srijeda, 29. kolovoza 2012.

Swans - The Seer

Swans - The Seer

Kad bi nebo bilo metalno mlijeko, rajski milkšejk radili bi strojem za zavarivanje.

It’s a beautiful thing to witness a band rising from its own ashes. In a time when washed-up musicians can command an absurd paycheck for going through the motions of a reunion tour, Swans’ return feels like a bolt of lightning from a clear sky. Instead of reforming for All Tomorrow’s Parties to play Children of God and fading back into the abyss, Swans are marching into the future with a limit-transcending force scarcely matched by any band currently plateauing into its prime. There is no stronger evidence for this force than The Seer, which will emerge as one of Michael Gira and Swans’ definitive statements. Its expansion of the borders of their back catalog is so vast that it renders much of the old records nigh unrecognizable, and yet it also in a sense completes of all of Swans’ previous work, the end result of Gira’s constant refinement of the sounds and ideas that compose the group’s foundation. The Seer is a massive statement, and it’s clear from interviews that Gira can barely contain his own excitement about Swans’ new direction.
All that scope does not come without a cost. Gira states that The Seer is the result of 30 years of work and that it drove him broke in the process, and yet he still claims it’s unfinished (perhaps the distillation process will continue over their next tour). Its 119 minutes will exhaust even the most prepared listener: not only is the vast majority of that running time an electrifying, pounding assault, its repetitious patterns stretch each song to a tension just at the edge of tolerability. The album’s themes are as heavy as they get: ecstasy, power, love, family, the body, madness, war, god. Three of its eleven songs push 20 minutes, with the title track clocking in at over 32. Barring “The Daughter Brings the Water” and “Song for a Warrior” (which are welcome breaks), The Seer’s difficulty finds no equal in Swans’ canon. It’s the Moby Dick to Gira’s Ahab (and Melville); I wouldn’t be surprised to find a gold doubloon nailed to the dashboard of Swans’ tour vehicle.
“Despite what you might have heard or presumed, my quest is to spread light and joy through the world,” Gira states in a note for the album’s press material. That’s a hard fucking battle. To find ecstasy, let alone to spread it, requires the release of extreme pressures. The Seer reads like an exploration of divine madness. Or rather, it reads as if the album’s conception, arrangement, and recording all derived from a state of ecstatic mania and so epitomize it, providing an extended window into a mind in the grips of a vast power but limited by its own human frailty. I’m referring here not to a mental illness, but to an altered state. This is apparent already in the first track, “Lunacy,” where for a large part of the song Gira and Low’s Alan Sparhawk and Mimi Parker chant “lun-a-cy, lun-a-cy, lun-a-cy…” repeatedly, as if conjuring the moon to descend from the heavens to fill their innocent souls with knowledge.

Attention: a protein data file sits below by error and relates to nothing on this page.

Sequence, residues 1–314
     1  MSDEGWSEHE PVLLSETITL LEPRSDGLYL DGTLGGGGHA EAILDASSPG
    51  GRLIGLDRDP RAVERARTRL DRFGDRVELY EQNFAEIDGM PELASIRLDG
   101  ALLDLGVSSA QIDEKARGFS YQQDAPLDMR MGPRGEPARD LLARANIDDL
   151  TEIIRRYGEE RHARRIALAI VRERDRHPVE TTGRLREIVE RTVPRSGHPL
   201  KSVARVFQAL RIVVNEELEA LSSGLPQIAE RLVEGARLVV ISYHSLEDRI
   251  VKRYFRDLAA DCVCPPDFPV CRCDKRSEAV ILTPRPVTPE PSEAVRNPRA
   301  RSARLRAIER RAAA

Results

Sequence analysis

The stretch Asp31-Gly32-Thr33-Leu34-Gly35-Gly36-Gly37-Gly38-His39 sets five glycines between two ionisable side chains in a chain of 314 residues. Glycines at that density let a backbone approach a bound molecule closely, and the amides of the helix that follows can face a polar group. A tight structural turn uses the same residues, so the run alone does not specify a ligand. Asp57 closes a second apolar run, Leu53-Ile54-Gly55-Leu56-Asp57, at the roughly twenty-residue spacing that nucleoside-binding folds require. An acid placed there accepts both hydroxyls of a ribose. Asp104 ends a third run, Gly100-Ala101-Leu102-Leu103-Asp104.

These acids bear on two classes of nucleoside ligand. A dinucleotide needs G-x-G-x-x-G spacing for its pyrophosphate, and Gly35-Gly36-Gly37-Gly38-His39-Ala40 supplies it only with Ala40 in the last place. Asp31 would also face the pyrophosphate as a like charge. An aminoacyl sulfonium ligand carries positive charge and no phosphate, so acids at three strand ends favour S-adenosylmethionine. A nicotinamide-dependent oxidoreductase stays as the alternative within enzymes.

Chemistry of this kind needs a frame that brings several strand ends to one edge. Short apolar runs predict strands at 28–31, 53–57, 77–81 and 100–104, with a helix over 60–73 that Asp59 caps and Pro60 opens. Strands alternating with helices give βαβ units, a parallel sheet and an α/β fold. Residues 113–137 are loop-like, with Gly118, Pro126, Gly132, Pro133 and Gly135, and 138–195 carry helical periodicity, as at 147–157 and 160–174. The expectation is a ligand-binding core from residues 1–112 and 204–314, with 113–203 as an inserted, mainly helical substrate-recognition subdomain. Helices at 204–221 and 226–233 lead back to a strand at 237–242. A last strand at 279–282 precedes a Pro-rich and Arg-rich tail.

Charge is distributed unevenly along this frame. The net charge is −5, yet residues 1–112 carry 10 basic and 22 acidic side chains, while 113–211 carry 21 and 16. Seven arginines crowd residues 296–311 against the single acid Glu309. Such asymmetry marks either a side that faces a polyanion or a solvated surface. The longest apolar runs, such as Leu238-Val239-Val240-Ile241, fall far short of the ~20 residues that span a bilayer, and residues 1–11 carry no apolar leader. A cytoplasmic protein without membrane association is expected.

Chanting recurs in “The Seer,” this time by Gira alone: “I’ve seen it all, I’ve seen it all, I’ve seen it all…” The image of the all-seeing eye comes to mind. Atop an unfinished pyramid, this eye becomes a symbol of the gradual movement of human endeavor towards the omniscience of god. But here we sense that The Seer (i.e., the character) has skipped a few steps. Transgression into the divine and forbidden knowledge has a high price. The Seer is not chanting to invoke omniscience, but to come to grips with having seen too much. This is not merely a lyrical motif; at the beginning, swells of noise punctuated by a chorus of dulcimers ring like the ticking of the world’s most fucked-up clock, as if time is fracturing and superimposing on itself, all the while the tension building with layers of bass, drums, and guitar. During many moments on the album, one gets the sense that everything could suddenly collapse into utter chaos, but it’s all miraculously held together for a time by the strained control of the musicians. The most common method of control that manifests here is a sort of mantric repetition, which at once suspends and prolongs ecstasy, as in erotic action and prayer. But in struggling against that ecstatic force, the divine light sometimes reveals to The Seer the vastness of its power, crushing it into oblivion.